As I’ve said before, I am quite capable of setting aside an author’s beliefs to read a quality or engaging story. (Yes, or. I am not always the discerning reader I appear to be. However, Card manages to hit both categories, to me.) While it causes small ethical dilemmas when it comes to how I get my hands on the book, none of that matters while I’m actually reading it … until it starts to bleed through.
Unlike the Ender’s Game film, Orson Scott Card is one of very few people who profit from his books. He makes a much larger profit per book purchase than per film ticket. His books are, to the best of my knowledge, his primary source of income – income that funds NOM and similar ideas.
(Welcome to an impromptu four-part series on my intense love/dislike relationship with Orson Scott Card, posting daily this week.)
Orson Scott Card is an extremely prolific writer, primarily of science fiction and fantasy. One of his books is being made into a movie. He can’t seem to focus on one series at a time, and he can’t seem to decide when a series is over, returning to it years later with something completely different. He has created several distinct universes in which his characters reside, and he’s done it well enough that they stick in my head for decades after reading. Several of his books are on my favorites list. He’s also actively against most things I’m actively for, including basic human rights for all people.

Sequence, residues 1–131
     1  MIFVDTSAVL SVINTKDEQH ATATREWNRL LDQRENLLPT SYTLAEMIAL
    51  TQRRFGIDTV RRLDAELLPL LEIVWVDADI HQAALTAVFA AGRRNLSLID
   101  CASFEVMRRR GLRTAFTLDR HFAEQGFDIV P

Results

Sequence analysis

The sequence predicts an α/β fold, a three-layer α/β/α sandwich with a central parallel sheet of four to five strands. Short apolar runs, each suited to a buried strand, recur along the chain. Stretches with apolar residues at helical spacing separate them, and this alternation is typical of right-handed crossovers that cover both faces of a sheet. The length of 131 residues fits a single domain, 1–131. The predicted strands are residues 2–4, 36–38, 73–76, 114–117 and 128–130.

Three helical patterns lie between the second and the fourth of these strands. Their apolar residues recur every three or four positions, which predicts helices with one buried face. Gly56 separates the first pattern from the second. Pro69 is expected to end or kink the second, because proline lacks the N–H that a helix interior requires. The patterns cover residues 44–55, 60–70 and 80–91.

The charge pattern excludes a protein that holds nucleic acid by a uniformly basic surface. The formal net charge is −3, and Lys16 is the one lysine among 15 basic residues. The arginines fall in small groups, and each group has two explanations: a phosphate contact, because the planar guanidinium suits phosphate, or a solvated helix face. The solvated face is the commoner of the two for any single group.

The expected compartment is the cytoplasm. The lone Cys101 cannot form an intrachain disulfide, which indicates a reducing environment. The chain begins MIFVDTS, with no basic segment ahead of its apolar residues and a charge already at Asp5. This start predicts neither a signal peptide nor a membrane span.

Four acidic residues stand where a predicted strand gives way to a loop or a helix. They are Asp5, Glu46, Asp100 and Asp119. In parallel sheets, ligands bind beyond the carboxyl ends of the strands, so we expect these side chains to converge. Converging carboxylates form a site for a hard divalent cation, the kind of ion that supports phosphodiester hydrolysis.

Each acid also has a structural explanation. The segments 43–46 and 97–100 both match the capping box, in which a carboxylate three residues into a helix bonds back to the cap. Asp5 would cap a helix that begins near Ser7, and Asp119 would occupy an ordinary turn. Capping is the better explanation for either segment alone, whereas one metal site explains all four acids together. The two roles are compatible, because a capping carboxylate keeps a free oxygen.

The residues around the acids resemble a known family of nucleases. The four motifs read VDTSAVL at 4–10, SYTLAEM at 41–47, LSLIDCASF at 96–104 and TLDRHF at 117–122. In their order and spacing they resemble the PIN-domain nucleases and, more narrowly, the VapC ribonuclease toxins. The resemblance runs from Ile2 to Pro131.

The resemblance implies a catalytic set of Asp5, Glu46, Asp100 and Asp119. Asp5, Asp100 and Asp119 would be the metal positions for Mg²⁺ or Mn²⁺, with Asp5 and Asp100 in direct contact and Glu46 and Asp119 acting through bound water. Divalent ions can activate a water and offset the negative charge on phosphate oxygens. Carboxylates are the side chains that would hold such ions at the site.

There are people now getting concerned about Card’s involvement in the film adaptation of Ender’s Game. The studio doesn’t seem to be replying to the controversy. Many people are predicting Card won’t be involved in publicity, but others are saying his personal views are enough to taint the entire movie regardless. I’m not even going to pretend that his books aren’t themselves problematic from both feminist and queer points of view, because they are, but more on that later.
Warning: This post contains discussion of depression, suicide, and harmful attitudes to those subjects.
I appear to be in the minority of people when I say that I really, really don’t like the morning radio shows on any of the stations I regularly listen to. (Not counting NPR, though I have a hard time calling a 9 am show a real “morning show.”) And yet, because I am a person who prefers background noise (preferably music or whitenoise conversations, though I take what I can get), I find myself listening to these shows every morning on the way to class.
One recent morning (curse my unreliable memory!), the local rock station had a male caller whose longterm girlfriend had recently said that she needed her space for a while to think about their relationship. The show hosts immediately said that was it, the relationship was over, she never planned to come back after saying that. While that opinion isn’t completely baseless, I would like to throw out a caution against it.
This is the conclusion of this weekend series. I’ll be taking the next few weekends off before starting the next series (topic tbd). In the meantime, check back Wednesdays for continued unrelated posts!
The Gendered History is a personal history, the evolution and experience of my gender. As such, this series contains frank discussion of sexual maturation (specifically of the FAAB body & its genitals), gender dysphoria, expressions of dissatisfaction with body shape, disordered eating, direct physical self-harm, depression, anxiety, thoughts of suicide, and similar issues. Other topics mentioned include unsafe chest-binding practices, alcoholism, heterosexism, cissexism, and related.
A couple weeks ago, I visited a home for adults with mental illness and cognitive disorders for a tour, as a precursor to potentially volunteering there. One of the residents was talking with me when another came up and interrupted: “Are you a boy or a girl?”